GEM Hotel Midtown West - Exterior (Sonheim Photography/SONHEIM PHOTOGRAPHY/GEM HOTEL)

Apart from the name, there’s nothing flashy about the GEM Hotel Midtown West. The lobby’s compact and not designed to impress, unlike those of its more stylish sisters in Chelsea and SoHo. The elevator’s practically single occupancy.

What the address has going for it, however, is convenience. It’s a 10-minute walk from Penn Station and nearby drop-off points for several Washington-to-New York bus lines. And the direction of that walk is away from the neon jungle, toward the Hudson River, a body of water that plenty of out-of-towners never catch a glimpse of.

GEM is short for Gemini Hospitality, a four-year-old Manhattan-based hotel chain that’s proud of its commitment to supporting the gay and lesbian communities. (This was not especially apparent during my stay, but something I learned from the company Web site.)

Midtown West has 10 floors, with four rooms on each one. This might suggest generously sized quarters, but the compact feeling extended right into my single room, with a roller bag’s width of passage between the small desk and the foot of the comfy king-size bed.

But a short-term traveler’s needs are met. The accommodations are clean and spare: a bedside table with alarm clock, a lamp and (free) bottled water. Easily accessible WiFi. TV. Small safe. Coffeemaker. Iron and board. A window that opens (slightly). Artwork that is not distracting. A bathroom with just enough surface area to let you plop down a Dopp kit, plus commendable water pressure.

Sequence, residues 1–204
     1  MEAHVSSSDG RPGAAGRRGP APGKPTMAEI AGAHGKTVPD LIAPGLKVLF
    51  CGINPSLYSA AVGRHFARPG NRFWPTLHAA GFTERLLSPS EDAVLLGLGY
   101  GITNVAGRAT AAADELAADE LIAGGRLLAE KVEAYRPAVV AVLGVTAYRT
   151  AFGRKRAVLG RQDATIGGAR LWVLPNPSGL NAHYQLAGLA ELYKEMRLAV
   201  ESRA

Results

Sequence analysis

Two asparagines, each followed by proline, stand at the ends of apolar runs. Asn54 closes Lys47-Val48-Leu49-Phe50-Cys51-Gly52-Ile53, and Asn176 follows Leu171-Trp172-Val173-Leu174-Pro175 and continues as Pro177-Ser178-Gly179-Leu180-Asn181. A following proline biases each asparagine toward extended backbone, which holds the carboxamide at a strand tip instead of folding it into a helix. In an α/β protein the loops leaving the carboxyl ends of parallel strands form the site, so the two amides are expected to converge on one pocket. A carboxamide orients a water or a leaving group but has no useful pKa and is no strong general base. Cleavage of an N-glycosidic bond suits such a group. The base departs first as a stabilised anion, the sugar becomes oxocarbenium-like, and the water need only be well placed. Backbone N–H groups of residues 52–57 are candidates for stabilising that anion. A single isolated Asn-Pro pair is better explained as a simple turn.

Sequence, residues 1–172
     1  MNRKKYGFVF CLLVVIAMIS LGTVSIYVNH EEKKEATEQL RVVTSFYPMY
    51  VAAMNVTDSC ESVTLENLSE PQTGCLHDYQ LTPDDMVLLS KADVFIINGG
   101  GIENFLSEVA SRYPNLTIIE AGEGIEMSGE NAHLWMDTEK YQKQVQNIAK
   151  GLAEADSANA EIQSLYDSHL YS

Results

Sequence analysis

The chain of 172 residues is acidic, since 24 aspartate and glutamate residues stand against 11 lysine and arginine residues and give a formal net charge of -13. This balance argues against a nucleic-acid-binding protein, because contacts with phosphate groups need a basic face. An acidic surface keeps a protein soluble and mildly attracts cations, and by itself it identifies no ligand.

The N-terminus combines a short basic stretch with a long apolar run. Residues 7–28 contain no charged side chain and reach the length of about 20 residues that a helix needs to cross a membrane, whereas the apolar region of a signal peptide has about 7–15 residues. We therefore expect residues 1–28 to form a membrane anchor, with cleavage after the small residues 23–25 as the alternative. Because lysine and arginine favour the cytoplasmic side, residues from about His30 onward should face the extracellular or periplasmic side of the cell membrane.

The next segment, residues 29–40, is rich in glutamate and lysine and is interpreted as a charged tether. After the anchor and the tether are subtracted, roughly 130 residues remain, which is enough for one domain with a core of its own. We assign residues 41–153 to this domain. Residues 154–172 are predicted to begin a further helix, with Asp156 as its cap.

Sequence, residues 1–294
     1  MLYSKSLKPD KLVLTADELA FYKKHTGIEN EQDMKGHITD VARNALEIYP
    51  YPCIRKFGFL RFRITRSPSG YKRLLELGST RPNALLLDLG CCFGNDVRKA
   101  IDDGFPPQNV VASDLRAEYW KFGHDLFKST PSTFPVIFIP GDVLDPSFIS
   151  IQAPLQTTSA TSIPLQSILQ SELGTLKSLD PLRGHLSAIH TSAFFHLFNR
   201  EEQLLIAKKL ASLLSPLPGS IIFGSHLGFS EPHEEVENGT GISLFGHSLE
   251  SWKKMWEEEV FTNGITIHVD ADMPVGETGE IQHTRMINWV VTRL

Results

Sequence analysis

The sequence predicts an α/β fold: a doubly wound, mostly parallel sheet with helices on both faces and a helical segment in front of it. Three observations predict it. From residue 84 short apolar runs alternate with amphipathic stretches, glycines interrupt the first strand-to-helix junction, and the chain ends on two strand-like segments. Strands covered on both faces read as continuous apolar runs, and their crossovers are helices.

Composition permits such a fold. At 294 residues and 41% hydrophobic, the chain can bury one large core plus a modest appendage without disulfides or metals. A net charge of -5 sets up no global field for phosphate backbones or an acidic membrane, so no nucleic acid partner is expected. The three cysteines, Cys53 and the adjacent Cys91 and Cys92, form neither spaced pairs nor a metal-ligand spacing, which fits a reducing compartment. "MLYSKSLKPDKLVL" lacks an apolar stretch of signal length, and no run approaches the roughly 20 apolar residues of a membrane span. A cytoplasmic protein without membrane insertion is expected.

And, best of all, quiet. Behind closed doors, I couldn’t hear a thing, a.m. or p.m.

Hmm. Did you notice that food was left off that list of needs? In lieu of room service, the GEM has the menus of restaurants within a two-block radius and beyond — including the Skylight Diner, with 24/7 delivery service. (It is New York, after all.) You can place your order online and negotiate with the hotel front desk about letting the food come to your door.

The GEM also has no exercise room of its own. Guest privileges, for a fee, have been extended at a few nearby sports clubs. Instead, I recommend a brisk, three-block early-morning walk westward to the Hudson and then down to the delightful Chelsea Waterside Park. You can return to the GEM through parts of the Garment District that offer interesting window-shopping.

In doing so, you may come to understand what savvy collectors know: A nice setting can greatly enhance a modest jewel.